By Frank Wessling
When your very old father or grandmother is suffering and probably has only a short time to live, do you allow 30, 40, 50 thousand dollars or more to be spent buying him or her a few more days of earthly existence? Do you think about the use of scarce medical resources, and that the same time and money could be spent helping a dozen children?
The second question is theoretical, of course, and imagines a universe of perfect trade-offs, but both of those questions rise up as this country thinks about a better way of treating our health needs.
President Obama tells the story of his grandmother’s final few weeks of life late last year. She was 85 years old, had been diagnosed with a terminal cancer, fell and broke her hip, and was offered the option of a hip replacement to make her more comfortable. She had the hip replacement operation and died a few weeks later.
There are other stories. This one is personal. My father died several years ago at age 90 after a fall at his home. It seemed to be pneumonia that took him after he laid a few days refusing any aggressive treatment. I believe he chose to let himself die at that time rather than allow doctors and hospitals to take over his life and spend money that, to him, represented a waste.
Regardless of the effect his fall had on his health, he wouldn’t have much longer to live — perhaps a few more years, with luck; maybe only a few months, or weeks.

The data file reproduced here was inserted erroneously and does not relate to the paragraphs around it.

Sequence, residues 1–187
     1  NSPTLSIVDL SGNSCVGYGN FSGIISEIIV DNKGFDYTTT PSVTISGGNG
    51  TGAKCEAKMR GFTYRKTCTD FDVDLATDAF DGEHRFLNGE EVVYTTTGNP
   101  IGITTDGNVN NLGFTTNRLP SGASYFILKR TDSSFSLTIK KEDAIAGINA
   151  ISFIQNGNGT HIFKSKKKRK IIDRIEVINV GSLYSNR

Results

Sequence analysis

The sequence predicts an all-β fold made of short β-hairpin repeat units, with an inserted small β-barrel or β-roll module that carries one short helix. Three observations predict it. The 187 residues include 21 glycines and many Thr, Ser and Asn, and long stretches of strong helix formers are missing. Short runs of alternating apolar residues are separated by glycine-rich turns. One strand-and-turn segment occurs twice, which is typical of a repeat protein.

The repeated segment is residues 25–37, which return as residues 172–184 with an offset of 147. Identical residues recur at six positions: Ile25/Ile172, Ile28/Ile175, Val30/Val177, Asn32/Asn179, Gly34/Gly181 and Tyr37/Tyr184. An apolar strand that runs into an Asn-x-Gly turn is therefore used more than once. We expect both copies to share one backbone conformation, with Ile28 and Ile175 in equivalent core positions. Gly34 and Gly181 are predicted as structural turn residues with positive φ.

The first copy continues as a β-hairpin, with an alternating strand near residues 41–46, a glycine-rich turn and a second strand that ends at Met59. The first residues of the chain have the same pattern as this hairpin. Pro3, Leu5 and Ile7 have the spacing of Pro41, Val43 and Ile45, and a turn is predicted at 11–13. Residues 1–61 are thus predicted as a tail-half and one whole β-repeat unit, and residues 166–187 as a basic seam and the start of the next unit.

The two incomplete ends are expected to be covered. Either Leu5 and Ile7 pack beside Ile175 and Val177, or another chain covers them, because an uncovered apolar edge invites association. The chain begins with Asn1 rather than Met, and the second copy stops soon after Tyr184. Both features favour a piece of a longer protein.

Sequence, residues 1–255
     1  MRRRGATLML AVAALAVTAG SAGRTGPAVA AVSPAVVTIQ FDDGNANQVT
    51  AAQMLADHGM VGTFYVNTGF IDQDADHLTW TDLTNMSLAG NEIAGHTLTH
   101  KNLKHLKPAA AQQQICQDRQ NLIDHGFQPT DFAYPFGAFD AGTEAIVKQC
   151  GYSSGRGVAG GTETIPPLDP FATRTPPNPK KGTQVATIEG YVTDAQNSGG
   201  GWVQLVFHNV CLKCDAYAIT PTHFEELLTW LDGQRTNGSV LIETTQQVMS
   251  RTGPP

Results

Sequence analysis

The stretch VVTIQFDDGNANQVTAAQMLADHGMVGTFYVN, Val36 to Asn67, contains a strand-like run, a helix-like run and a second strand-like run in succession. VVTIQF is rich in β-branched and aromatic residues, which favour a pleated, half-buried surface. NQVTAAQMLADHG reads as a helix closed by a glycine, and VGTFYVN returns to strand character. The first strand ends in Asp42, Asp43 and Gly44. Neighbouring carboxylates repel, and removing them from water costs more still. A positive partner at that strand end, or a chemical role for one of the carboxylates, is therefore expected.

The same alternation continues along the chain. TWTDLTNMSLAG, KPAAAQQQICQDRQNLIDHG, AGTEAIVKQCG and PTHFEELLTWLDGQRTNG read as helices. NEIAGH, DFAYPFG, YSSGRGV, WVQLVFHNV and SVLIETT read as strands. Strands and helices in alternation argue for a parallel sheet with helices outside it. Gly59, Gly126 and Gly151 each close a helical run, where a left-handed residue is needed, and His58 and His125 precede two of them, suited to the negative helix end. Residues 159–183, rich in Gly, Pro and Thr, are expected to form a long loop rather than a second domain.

He was a man of strong religious faith and, for several years, a small town banker who delighted in opportunities to help hard-working young farmers and other people with solid plans. His bank didn’t have money to throw away on vague hope or romantic wishes, but he readily invested where there was evidence of a commitment to work.
I believe he was unafraid of death although, like most of us, not looking forward to leaving this life. And I think it simply violated his sense of integrity to let money and time be spent on his frail, broken body when it could be better invested in the health and future of younger people. How could he face God after grasping for so little that cost so much.
He once told me that he didn’t feel comfortable having so much security himself — with a pension, good insurance and Medicare on top — while young people too often were hurting for the basics of a decent life. His sharing instinct was offended.
My dad was basically conservative with a strong sense of justice in the old tradition of German Catholic corporatist thought. The community owed care to all members but there was a suspicion of state involvement. Relationships were to be based on natural civic groupings like unions, business, clubs, schools, churches, farmers sharing in care for the common good. Government had a role on the edges, to ensure fairness and safety, but relationships in the community determined the quality of life.
I think Dad felt a personal stake in the overall cost of health care and wanted to be fair in what he took out of it. I’m sure he also felt a duty to leave something for his children and grandchildren, as well.
This is not to say that my father’s end-of-life choices were better than Obama’s grandmother Dunham. Each of our situations has uniquely personal elements that can’t be judged from the outside. But every personal case is also a part of common and shared costs and benefits, part of what the Catholic tradition calls the common good.
That question — the common good — must have a place at the table along with the personal feelings and individual stories as we discuss and debate the future of health care in this country.